Archive for March 2nd, 2021

Diary #557

When I heard the chicks had arrived at our local Tractor Supply store, I pulled my chick gear out ofthe storage closet and got everything ready, including running everything through the dishwasher to be sure it was completely sanitary.  Unfortunately, I found for the second year in a row that this store never carries very many varieties of pullets; last year it was only hybrid leghorns and Ameraucanas, and this year Ameraucanas and a breed I was unfamiliar with, Sapphire Gem.  But they’re attractive birds and the advertising says they’re good layers (average 290 eggs/year), and the most important thing is to have hens that are easily distinguished from last year’s so I can tell the generations apart once these are full grown (next year I’ll probably get some Rhode Island Reds or a similar breed).  For the next three weeks, I’ll be able to enjoy their silly antics as they run around their enclosure in the bathroom; it’s the best place to start them because we keep the door closed, thereby protecting them from the cats and dogs.  We also keep a small radiator on low in there, so it’s the warmest room in the house.  At three weeks we’ll move them to a caged area inside the henhouse until they’re ten weeks old; for the last four weeks of that period they get to roam around the chicken yard in the daytime and are shut in at night to protect them from being pecked to death by the adult hens.  Over the years, I’ve found this strategy works best; it lets the adult hens get used to their smell and presence before being able to get near them, and that results in fewer lost chicks.  It’s a shame they’re only cute for such a short time, but once they’re grown up it’s worth the minimal effort needed to keep them for the deliciousness of fresh eggs.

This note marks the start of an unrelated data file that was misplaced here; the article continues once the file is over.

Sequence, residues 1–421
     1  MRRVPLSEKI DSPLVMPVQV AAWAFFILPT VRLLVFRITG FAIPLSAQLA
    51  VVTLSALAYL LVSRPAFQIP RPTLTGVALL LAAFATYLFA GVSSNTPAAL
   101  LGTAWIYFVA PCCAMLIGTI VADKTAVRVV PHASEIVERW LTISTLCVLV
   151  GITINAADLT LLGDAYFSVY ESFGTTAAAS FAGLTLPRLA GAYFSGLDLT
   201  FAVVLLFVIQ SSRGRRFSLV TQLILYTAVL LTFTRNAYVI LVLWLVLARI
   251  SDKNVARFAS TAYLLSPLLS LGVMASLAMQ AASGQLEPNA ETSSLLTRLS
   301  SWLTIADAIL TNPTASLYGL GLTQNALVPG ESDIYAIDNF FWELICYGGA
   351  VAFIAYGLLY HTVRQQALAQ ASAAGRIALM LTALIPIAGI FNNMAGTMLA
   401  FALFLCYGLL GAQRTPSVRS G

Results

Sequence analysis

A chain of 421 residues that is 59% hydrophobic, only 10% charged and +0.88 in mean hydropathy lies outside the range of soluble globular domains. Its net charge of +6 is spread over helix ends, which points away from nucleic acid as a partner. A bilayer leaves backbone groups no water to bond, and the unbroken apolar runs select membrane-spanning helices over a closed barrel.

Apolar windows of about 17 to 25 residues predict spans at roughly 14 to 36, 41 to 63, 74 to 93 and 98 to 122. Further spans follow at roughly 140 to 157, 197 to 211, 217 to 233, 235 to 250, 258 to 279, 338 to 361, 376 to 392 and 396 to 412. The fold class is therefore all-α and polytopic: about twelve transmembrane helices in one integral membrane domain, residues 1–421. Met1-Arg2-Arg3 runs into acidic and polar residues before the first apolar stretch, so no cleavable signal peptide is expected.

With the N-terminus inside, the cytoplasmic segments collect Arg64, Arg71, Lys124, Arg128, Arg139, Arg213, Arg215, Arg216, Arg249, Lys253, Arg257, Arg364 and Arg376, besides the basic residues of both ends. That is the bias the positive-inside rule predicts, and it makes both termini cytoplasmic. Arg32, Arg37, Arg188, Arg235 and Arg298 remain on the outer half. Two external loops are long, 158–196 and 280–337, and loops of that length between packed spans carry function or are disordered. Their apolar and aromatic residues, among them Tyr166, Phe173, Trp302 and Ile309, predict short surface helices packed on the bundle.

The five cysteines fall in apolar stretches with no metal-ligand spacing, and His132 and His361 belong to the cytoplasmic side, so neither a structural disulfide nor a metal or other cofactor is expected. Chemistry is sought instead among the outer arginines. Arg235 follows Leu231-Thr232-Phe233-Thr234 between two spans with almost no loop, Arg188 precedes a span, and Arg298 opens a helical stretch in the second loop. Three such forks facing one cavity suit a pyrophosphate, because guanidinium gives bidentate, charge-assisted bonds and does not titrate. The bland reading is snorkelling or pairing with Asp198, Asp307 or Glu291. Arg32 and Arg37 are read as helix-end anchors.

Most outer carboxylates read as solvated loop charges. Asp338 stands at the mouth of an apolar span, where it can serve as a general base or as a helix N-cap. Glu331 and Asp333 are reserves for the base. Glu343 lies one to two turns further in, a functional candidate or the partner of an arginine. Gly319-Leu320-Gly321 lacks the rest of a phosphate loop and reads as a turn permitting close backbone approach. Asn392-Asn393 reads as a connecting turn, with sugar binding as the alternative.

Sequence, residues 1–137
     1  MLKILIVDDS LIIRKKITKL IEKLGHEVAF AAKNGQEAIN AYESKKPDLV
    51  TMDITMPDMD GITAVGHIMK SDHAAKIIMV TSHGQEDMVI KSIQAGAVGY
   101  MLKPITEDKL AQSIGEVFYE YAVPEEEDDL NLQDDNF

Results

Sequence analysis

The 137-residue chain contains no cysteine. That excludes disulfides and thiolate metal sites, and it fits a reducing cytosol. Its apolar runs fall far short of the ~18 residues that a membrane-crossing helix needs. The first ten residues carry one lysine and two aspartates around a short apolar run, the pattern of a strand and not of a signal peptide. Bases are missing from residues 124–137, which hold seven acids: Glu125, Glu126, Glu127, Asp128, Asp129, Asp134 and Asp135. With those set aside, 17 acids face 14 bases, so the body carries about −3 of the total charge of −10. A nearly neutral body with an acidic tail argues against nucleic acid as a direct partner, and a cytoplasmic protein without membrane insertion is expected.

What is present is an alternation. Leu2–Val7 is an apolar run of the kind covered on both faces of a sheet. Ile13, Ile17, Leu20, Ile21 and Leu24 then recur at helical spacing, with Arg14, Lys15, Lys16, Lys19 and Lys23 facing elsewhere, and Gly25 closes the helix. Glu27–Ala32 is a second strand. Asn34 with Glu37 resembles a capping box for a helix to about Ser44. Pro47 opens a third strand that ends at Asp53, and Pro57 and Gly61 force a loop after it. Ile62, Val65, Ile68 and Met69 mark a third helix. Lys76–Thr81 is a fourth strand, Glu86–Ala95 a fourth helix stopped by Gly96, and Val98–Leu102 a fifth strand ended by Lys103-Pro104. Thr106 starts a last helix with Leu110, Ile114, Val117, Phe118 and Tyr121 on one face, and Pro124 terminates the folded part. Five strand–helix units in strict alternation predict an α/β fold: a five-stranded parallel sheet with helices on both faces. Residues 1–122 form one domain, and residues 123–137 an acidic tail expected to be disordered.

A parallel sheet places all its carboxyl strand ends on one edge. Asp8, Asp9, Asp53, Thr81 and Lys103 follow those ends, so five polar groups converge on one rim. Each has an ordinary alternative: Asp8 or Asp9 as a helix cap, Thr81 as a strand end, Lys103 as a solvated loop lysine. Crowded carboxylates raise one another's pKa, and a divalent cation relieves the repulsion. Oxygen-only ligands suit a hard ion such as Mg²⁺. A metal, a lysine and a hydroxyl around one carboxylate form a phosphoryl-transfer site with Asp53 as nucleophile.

Read Full Post »